“No, I would not believe you,” she said, with a smile. “If you did love him, you would not proclaim it.”
“Exactly. I was jesting. What is Lord Hartledon to me?—save that we are cousins, and passably good friends. I must avow one thing, that I like him better than I do his brother.”
“For that no avowal is necessary,” said Anne; “the fact is sufficiently evident.”
“You are right, Anne;” and for once Maude spoke earnestly. “I do not like Percival Elster. But I will always be civil to him for your sweet sake.”
“Why do you dislike him?—if I may ask it. Have you any particular reason for doing so?”
“I have no reason in the world. He is a good-natured, gentlemanly fellow; and I know no ill of him, except that he is always getting into scrapes, and dropping, as I hear, a lot of money. But if he got out of his last guinea, and went almost in rags, it would be nothing to me; so that’s not it. One does take antipathies; I dare say you do, Miss Ashton. What a blessing Hartledon did not die in that fever he caught last year! Val would have inherited. What a mercy!”
“That he lived? or that Val is not Lord Hartledon?”
“Both. But I believe I meant that Val is not reigning.”
“You think he would not have made a worthy inheritor?”
“A worthy inheritor? Oh, I was not glancing at that phase of the question. Here he comes! I will give up my seat to him.”
It is possible Lady Maude expected some pretty phrases of affection; begging her to keep it. If so, she was mistaken. Anne Ashton was one of those essentially quiet, self-possessed girls in society, whose manners seem almost to border on apathy. She did not say “Do go,” or “Don’t go.” She was perfectly passive; and Maude moved away half ashamed of herself, and feeling, in spite of her jealousy and her prejudice, that if ever there was a ladylike girl upon earth, it was Anne Ashton.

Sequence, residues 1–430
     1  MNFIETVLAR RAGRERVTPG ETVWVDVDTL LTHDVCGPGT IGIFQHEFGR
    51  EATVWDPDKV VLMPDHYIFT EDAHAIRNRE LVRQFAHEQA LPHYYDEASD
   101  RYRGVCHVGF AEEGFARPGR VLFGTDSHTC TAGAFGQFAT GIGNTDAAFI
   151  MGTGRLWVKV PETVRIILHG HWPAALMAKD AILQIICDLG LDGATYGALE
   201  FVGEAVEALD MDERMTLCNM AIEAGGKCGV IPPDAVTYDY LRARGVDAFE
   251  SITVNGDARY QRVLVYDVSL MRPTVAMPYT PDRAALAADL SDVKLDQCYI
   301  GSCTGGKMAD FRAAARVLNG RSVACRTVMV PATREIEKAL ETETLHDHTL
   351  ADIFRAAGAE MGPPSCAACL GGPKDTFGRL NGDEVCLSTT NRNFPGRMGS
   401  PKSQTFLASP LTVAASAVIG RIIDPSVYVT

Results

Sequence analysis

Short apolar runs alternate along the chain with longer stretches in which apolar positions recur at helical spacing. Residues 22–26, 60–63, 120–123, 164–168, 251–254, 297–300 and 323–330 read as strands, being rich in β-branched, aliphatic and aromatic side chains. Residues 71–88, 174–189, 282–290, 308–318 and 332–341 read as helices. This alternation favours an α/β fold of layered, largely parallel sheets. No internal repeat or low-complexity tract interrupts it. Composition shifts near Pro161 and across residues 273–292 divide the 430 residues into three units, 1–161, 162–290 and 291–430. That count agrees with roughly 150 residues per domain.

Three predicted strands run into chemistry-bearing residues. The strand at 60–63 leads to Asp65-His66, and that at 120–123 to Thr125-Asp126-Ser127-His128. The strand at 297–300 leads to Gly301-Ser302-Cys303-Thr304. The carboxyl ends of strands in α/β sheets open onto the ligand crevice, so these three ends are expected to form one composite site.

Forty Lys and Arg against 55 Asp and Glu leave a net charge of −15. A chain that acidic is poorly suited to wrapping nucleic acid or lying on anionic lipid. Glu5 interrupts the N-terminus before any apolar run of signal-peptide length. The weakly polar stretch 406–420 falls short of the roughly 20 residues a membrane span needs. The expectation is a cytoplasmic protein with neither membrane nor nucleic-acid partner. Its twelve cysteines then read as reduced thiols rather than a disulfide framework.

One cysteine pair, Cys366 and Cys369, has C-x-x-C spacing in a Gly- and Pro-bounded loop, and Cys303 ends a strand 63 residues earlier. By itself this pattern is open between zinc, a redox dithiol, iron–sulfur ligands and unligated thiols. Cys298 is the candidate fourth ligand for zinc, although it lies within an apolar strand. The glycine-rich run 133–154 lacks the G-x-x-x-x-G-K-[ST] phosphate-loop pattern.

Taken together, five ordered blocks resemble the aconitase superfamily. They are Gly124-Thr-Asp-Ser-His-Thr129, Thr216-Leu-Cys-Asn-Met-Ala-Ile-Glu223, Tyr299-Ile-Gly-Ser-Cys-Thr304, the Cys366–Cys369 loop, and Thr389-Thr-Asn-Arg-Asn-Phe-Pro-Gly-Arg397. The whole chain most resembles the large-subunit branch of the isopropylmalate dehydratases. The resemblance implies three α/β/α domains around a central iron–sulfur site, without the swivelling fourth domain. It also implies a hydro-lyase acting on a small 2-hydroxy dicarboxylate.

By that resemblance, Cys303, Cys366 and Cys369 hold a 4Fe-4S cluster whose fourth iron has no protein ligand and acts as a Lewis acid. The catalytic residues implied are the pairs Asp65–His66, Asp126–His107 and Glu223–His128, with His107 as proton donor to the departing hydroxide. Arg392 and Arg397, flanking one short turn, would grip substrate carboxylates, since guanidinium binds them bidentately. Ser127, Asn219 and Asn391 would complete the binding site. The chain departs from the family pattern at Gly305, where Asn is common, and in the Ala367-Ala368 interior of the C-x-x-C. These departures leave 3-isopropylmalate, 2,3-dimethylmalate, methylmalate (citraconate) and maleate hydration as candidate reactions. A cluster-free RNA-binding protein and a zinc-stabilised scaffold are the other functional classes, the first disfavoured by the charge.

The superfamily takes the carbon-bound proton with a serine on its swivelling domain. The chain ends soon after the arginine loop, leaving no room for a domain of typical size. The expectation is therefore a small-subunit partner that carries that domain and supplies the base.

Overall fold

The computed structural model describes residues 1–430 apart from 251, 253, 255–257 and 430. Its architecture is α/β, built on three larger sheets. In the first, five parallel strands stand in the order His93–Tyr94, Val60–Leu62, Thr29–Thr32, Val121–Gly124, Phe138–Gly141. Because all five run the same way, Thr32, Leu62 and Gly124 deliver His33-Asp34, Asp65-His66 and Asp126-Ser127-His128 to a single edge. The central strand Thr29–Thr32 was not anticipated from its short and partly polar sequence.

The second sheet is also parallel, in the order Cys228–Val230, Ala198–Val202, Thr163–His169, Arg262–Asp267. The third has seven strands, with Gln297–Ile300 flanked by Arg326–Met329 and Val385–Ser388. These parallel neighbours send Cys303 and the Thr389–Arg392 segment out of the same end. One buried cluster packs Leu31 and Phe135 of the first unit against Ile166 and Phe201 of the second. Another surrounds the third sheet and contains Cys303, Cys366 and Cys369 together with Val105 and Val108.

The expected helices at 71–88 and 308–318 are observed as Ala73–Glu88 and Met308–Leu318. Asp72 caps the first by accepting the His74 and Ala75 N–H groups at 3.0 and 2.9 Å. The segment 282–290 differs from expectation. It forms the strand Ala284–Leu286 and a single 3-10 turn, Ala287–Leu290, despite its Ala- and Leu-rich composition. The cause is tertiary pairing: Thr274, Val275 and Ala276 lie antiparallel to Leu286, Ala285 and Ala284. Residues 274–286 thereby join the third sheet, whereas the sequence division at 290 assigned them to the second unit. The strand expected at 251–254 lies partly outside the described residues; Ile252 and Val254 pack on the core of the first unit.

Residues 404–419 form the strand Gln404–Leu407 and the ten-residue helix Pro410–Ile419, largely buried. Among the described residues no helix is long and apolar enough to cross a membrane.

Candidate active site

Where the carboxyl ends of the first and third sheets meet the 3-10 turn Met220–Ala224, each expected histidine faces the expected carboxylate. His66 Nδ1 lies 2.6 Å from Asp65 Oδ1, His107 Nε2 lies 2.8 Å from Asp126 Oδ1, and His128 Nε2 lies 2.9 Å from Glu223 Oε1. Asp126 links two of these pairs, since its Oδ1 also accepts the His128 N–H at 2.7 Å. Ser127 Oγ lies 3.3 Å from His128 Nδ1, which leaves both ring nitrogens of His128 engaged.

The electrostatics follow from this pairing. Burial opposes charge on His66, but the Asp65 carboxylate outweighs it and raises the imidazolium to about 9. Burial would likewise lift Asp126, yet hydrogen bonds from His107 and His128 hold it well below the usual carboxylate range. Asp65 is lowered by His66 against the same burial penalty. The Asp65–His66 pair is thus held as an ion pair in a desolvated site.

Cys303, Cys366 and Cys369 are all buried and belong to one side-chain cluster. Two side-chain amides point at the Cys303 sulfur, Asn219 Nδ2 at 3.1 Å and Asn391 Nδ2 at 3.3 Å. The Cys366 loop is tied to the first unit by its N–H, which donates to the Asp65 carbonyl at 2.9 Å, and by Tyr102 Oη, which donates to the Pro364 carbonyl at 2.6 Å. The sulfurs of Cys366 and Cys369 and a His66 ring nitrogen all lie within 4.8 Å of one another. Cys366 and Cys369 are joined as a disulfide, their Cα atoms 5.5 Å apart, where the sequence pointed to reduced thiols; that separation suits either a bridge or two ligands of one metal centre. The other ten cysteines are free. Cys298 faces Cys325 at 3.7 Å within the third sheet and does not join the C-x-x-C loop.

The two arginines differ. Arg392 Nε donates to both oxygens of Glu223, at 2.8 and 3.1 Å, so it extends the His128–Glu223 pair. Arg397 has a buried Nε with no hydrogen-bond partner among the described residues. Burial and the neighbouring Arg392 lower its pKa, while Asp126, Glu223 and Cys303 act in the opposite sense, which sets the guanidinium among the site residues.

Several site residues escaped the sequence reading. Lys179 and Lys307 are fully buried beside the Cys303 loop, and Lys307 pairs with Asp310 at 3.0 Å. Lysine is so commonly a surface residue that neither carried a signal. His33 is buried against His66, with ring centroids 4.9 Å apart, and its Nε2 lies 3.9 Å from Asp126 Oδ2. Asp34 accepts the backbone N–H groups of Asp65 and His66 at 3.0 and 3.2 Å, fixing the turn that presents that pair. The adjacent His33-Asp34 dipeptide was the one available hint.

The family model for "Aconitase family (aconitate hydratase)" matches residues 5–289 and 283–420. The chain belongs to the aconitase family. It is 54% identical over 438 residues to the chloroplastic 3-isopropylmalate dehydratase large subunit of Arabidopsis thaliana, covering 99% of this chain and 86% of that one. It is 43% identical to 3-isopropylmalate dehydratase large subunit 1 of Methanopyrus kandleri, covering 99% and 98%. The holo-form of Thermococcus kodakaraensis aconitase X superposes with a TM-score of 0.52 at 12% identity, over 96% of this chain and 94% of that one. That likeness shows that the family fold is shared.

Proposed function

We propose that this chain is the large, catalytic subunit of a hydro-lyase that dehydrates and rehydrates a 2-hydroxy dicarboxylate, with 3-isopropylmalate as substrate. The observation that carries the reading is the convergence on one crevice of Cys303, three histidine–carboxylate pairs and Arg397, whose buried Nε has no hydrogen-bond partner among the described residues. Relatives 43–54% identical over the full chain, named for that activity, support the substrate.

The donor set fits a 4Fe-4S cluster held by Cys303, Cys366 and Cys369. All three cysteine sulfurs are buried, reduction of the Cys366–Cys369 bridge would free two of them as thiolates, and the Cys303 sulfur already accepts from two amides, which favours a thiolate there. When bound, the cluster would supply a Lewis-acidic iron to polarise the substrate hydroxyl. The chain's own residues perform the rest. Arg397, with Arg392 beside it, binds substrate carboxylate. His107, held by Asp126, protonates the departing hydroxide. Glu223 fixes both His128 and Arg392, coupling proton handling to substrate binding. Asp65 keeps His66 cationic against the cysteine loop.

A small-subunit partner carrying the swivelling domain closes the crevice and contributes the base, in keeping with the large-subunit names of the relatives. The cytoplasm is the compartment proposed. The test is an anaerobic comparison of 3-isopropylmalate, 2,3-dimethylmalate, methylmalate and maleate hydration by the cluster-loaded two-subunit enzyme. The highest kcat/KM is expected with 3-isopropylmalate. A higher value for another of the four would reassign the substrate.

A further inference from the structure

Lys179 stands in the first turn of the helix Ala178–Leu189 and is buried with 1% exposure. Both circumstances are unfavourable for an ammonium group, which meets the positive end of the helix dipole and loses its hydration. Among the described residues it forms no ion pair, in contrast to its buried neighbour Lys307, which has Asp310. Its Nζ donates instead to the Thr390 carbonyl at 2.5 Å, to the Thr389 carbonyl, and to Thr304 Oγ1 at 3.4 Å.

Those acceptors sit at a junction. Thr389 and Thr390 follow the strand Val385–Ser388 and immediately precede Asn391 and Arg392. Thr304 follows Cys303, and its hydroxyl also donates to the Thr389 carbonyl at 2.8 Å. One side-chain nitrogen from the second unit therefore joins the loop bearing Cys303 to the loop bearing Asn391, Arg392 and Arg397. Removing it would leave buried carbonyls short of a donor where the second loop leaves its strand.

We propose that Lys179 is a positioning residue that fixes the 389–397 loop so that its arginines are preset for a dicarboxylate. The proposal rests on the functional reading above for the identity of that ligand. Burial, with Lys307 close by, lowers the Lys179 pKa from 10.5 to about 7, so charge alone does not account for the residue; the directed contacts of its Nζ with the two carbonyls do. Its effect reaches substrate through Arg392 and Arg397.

“How do you like her, Anne?” asked Val Elster, dropping into the vacant place.
“Don’t you? She is very handsome.”
“Very handsome indeed. Quite beautiful. But still I don’t like her.”
“You would like her if you knew her. She has a rare spirit, only the old dowager keeps it down.”
“I don’t think she much likes you, Val.”
“She is welcome to dislike me,” returned Val Elster.
AT THE BRIDGE.
The famous boat-race was postponed. Some of the competitors had discovered they should be the better for a few days’ training, and the contest was fixed for the following Monday.
Not a day of the intervening week but sundry small cockle-shells—things the ladies had already begun to designate as the “wager-boats,” each containing a gentleman occupant, exercising his arms on a pair of sculls—might be seen any hour passing and repassing on the water; and the green slopes of Hartledon, which here formed the bank of the river, grew to be tenanted with fair occupants. Of course they had their favourites, these ladies, and their little bets of gloves on them.